Tonight we had the Twitter Chat for our trip, and I noticed two distinct things popping up over and over.
1. People asking us things, and all of our answers being about how much WE had been impacted or changed.
2. People telling us how much good we were doing.
And those two dichotomies really bothered me. It didn’t bother me that people were asking and expressing those things. I have been on the other side of the coin a million times before. But, it really is true…the change in my heart because of this trip has been far more profound than anything I’ll ever be able to individually do for these women.
You see, I got to learn a few very important lessons this week.
First, I learned that the language barrier is hard…especially for someone who really values words. I think if I were a more physical communicator, it would have been easier for me. But, I like to use my words and I don’t like to look foolish. Both of those things are very difficult when you don’t speak the same language. It’s inevitable to look foolish when you’re acting things out and repeating yourself 14 times and find yourself mimicking their accent…but in English. It’s awkward and intimate and very vulnerable.
But, after fighting that vulnerability (will I always fight vulnerability?) for the first 24 hours, I gave into it today. I realized that if I hung back and waited to feel comfortable, it wasn’t going to happen on this trip. I was going to miss my opportunity to be impacted and moved. So, today, I brandished nail polish and hand cream and sat down and did 4 women’s nails. I asked if they had children and we talked about my boys. I asked their names and awkwardly repeated them until I got them right. It was awkward. I hated it a little bit, and I loved it, too.
Second, I learned that I can do very little to help these women directly. I can love them, show them dignity and acceptance. I can hug them. But, more than anything, coming to Ethiopia has pointed out how very big this world is and how very small I am. I cannot fix Ethiopia’s systemic unemployment and underemployment. I cannot fix HIV/AIDS. I cannot make it better for a child who grows up not knowing who his father is. But, without moving here and making day-to-day relationships with these precious women, I simply cannot make any lasting change other than a bit of love for a few days.
BUT, I do have great friends who have built a couple great companies (Mocha Club and fashionABLE). They are already doing amazing work here on the ground in Addis and elsewhere in Ethiopia and beyond. Mocha Club partners with Women at Risk (funds their work on the ground in Ethiopia) to go and find girls working in “the life” (as they call it here). They go, befriend individual women over several weeks or months…and they slowly encourage them out of a life of shame, pain, and horror. Then, for a whole year, they rehabilitate them. The women receive medical care, intensive counseling, Biblical education, childcare, defensible job skills training (like hair-dressing, cooking, or weaving), and a weekly allowance for basic needs.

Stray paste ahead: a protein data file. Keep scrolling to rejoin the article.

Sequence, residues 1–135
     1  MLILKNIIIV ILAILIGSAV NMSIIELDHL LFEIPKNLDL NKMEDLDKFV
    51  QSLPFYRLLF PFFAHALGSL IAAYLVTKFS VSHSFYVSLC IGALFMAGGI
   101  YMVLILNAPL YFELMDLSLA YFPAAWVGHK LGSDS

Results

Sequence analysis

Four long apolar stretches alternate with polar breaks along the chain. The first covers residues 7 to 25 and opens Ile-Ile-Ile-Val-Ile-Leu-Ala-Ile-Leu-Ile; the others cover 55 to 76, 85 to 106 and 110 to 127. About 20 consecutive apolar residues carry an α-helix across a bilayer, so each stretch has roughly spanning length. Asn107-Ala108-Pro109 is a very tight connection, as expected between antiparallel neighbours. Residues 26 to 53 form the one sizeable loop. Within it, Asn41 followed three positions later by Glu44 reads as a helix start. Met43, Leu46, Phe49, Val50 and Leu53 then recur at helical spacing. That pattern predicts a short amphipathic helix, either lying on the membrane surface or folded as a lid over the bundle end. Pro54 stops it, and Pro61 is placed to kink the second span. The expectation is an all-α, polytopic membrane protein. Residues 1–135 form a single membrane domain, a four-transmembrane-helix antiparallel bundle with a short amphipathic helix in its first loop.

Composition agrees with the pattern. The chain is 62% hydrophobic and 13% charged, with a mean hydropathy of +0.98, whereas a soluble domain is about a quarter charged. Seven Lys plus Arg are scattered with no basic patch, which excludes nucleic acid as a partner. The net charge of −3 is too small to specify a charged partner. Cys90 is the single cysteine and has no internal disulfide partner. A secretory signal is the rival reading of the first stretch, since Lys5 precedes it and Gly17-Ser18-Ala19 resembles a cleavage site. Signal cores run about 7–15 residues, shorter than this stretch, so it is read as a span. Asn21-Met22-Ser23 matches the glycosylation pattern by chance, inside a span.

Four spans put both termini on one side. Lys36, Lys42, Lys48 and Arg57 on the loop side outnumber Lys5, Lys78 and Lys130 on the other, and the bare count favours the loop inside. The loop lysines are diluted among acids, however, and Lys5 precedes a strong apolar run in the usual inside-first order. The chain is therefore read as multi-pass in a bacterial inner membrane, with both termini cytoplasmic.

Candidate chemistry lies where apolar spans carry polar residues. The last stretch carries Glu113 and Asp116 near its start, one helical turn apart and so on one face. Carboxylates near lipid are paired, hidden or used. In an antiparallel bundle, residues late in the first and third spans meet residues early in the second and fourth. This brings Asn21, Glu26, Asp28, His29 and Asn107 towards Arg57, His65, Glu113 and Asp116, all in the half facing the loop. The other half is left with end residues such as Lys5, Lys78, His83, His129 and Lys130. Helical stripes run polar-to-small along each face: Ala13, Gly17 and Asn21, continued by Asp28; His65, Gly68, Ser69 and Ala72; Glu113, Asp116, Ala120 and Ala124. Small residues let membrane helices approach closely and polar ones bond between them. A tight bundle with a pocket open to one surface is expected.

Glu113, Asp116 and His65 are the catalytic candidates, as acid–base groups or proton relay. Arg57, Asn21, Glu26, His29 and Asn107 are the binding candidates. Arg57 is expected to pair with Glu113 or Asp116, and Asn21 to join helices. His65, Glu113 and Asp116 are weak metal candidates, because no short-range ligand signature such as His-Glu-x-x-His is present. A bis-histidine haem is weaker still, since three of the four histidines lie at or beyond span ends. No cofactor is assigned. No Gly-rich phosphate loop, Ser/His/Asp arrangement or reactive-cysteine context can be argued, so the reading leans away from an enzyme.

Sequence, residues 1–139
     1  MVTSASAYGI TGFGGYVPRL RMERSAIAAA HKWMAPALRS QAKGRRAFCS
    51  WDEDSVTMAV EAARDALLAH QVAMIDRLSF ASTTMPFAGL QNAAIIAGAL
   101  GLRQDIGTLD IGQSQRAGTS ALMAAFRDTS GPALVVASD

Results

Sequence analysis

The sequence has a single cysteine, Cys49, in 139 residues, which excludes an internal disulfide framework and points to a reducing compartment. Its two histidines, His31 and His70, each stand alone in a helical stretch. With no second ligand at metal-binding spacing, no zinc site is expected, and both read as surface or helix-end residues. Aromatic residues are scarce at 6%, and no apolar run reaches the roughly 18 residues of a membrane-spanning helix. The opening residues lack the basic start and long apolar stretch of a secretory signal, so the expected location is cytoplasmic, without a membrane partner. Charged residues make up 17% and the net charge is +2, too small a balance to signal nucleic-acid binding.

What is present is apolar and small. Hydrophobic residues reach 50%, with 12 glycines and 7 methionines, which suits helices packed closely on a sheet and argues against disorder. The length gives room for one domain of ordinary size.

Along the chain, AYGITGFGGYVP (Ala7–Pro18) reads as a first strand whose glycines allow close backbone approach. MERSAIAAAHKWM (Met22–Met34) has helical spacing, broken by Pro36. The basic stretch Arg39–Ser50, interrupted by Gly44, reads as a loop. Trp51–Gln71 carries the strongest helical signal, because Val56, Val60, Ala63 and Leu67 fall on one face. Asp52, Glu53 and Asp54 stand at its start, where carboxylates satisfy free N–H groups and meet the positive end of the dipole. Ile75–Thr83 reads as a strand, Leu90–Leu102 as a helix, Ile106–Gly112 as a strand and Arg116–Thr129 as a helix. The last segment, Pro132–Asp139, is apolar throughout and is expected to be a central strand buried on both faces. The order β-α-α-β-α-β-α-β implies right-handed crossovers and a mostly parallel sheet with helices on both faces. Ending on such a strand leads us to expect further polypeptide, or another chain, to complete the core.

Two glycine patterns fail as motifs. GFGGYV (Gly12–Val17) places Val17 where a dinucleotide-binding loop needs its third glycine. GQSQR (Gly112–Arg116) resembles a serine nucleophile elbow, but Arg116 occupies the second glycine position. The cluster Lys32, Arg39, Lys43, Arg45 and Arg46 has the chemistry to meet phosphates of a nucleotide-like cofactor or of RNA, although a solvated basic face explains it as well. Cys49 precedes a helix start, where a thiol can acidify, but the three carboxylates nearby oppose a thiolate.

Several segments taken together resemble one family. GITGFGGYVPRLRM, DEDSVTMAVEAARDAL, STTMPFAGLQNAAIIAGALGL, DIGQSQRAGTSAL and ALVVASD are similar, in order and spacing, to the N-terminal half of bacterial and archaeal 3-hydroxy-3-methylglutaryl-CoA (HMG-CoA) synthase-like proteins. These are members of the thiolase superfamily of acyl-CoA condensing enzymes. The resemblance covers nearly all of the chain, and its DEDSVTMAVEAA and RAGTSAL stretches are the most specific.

Then, fashionABLE exists to provide jobs for the women who choose to learn to weave as the job training within the Women at Risk program.
So, I can’t erase the pain that Mulu, and Mesalu, and Frehiwot have experienced. I can’t make it all better and rescue them from poverty.
But, I can shout from the rooftops the amazing product that fashionABLE puts out. These women can only weave on average of 3 scarves per day. It is difficult, it is exacting, and it is tedious. It is difficult work that they learned over a six month time span. You purchasing a scarf from fashionABLE allows Mulu and Mesalu and Frehiwot to work in a safe place, with dignity, and with child care on site. Your purchases provide work for many many more women just like these three.
I could go on and on about what I love about fashionABLE, but one thing that is so fantastic is that it is a self supporting business model. There is no charity there. These are beautiful products, and come with a beautiful story…there is no charity there. The women are working hard and developing self-worth and satisfaction in a job that is not tied to their body. You are not giving money, but you are purchasing something so valuable and offering these women a phenomenal second shot at life, which is so valuable.
These scarves are the most amazing gifts at every holiday. I want to wear all of them, all of the time. Just wait until you see the new fall collection, too. I got to get a peek at the behind the scenes action–and they are utterly beautiful.
BONUS: The GENET scarf is 50% off using the code “blogABLE” until supplies run out.
AND: I’m going to get a couple scarves tomorrow AT the fashionABLE compound and store here in Addis Ababa. I’ll be giving away a couple sweet packages in the coming weeks to people who help spread the word about fashionABLE.